Thursday, August 24, 2006

Well and Truly Screwed

My right humerus shortly before (l) & after (r) surgery. The vertical line with holes is a 6-inch steel plate; the horizontal bars are screws.

Rather belatedly, here's the overwhelming winner of Miss Snark's Get Humerus Poetry Contest, who I hope will step forward--along with all the other anonymous poets--so I can convey effusive personal thanks:

A Confucian get-well sentiment:

I hear your arm hurts
nothing make bone happier
than a real good screw

Runner-up was #4, which provoked special hilarity because Darling Husband lost his pants years ago:

Sorry for your bone
At least it's not Alzhei--
Where have my pants gone?

My special favorites:
Bored of counting the ceiling tile
She offered to help with the slush pile
Bella held up her bedpan
And asked Miss Snark in a deadpan
Would you like a new query file?

#44, by YA author & veterinarian Christine Fletcher

Gomez, was it a bee
That compelled
You to propel our Bella
Into a post

Or just cussedness

You’re a horse so
We trust you had no
Plan involving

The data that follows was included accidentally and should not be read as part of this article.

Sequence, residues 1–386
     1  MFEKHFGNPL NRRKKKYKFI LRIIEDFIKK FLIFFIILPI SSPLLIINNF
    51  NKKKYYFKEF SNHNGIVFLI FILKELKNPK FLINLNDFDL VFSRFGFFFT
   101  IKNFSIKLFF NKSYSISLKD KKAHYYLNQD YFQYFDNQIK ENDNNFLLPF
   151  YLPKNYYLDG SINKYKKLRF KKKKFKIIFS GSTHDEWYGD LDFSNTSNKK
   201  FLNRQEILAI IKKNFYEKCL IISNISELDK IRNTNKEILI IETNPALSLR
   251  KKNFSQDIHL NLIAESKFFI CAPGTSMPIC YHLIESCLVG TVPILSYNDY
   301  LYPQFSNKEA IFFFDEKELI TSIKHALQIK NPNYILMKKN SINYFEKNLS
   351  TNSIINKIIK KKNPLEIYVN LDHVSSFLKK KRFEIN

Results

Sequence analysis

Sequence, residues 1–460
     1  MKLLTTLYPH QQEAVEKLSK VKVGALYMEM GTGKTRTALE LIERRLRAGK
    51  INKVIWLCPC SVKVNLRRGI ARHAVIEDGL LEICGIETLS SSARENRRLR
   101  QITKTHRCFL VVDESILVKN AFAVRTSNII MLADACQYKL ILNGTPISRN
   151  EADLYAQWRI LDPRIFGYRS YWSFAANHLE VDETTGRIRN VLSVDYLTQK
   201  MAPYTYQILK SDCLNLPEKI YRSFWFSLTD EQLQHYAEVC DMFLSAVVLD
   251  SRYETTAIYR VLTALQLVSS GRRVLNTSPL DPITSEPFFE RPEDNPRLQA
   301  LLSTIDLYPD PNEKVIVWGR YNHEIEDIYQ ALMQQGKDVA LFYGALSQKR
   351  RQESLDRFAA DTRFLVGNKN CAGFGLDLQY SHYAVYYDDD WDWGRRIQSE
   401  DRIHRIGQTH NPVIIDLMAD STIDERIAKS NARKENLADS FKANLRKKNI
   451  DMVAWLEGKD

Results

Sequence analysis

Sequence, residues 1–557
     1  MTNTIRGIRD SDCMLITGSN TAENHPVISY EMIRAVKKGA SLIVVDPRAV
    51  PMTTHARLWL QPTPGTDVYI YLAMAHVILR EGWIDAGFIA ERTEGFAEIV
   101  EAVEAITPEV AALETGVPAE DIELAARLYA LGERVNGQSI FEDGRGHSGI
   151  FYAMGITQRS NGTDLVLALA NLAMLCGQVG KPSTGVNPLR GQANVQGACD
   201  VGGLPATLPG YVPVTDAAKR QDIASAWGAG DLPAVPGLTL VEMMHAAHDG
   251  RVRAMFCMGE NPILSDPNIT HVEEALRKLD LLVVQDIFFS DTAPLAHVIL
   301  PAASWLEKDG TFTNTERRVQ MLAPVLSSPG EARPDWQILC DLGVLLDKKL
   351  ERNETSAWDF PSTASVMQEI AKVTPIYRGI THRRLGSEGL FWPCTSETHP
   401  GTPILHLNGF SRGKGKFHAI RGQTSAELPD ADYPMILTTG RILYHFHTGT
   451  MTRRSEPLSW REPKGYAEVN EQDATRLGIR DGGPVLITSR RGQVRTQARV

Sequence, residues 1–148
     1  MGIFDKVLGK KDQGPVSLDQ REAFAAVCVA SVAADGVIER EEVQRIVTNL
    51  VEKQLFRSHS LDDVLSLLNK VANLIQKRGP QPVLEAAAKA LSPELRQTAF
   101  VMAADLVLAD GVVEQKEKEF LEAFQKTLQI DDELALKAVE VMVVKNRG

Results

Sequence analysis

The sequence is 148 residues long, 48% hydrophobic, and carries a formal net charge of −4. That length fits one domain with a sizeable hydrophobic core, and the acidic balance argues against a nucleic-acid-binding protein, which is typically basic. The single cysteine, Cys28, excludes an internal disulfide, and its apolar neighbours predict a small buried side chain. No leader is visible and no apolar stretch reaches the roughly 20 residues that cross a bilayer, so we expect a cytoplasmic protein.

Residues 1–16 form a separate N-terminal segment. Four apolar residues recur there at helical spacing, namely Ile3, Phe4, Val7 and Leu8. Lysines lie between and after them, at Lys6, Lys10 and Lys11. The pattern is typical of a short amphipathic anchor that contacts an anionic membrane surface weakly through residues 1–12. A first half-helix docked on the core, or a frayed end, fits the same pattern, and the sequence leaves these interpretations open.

Much less, consequences
For bones

And yet
A moment’s regret?
A tiny Sorry from
A tiny brain

And then

#10, who gets a special Robert Frost Parody award

One bone diverged in a writer's arm
And, sorry it did not mend as well
As they had told her, doctors warm
On other ways to undo that harm
Which came upon her when she fell

They called the interns, young and fair
Though having perhaps a lesser claim
Because they had trouble rememb'ring where
The humerus was, and would declare
The trouble to be that she was lame

And so next morning nurses tried
And poked till she was blue and black
Oh! They never finished, so she'd hide
Her record chart, till one of them spied
It peeping out of her laundry sack

I now come to the part where she,
Sick of waiting ages since
The doctors had told her she'd be free,
Tried healing it through poetry
And that has made all the difference

1 comment:

elmridge said...

Ms. Stander,
It was an honour to be part of something that brightened your day when your day needed brightened. Miss Snark's contest was the work of a true friend. It not only introduced many "poets" to you, but also made you seem like a friend to the entrants.
I am glad to have been a part of literary history and overjoyed that you actually liked my get well wish.
Keep Mending,
Dan Litten